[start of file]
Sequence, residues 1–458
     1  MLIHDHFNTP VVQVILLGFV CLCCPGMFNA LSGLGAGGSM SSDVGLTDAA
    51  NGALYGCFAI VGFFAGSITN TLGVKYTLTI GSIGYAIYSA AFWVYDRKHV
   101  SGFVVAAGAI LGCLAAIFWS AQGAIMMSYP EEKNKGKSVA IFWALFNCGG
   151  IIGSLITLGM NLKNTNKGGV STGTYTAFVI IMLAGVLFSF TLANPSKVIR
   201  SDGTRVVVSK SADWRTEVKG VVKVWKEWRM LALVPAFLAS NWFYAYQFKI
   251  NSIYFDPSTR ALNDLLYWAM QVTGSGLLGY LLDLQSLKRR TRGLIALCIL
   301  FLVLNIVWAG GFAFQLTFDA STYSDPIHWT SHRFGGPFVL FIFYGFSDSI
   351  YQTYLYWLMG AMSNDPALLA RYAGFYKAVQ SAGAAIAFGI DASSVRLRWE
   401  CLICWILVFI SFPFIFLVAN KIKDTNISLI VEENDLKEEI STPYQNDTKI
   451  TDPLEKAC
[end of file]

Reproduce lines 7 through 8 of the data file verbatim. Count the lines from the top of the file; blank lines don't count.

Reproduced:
   251  NSIYFDPSTR ALNDLLYWAM QVTGSGLLGY LLDLQSLKRR TRGLIALCIL
   301  FLVLNIVWAG GFAFQLTFDA STYSDPIHWT SHRFGGPFVL FIFYGFSDSI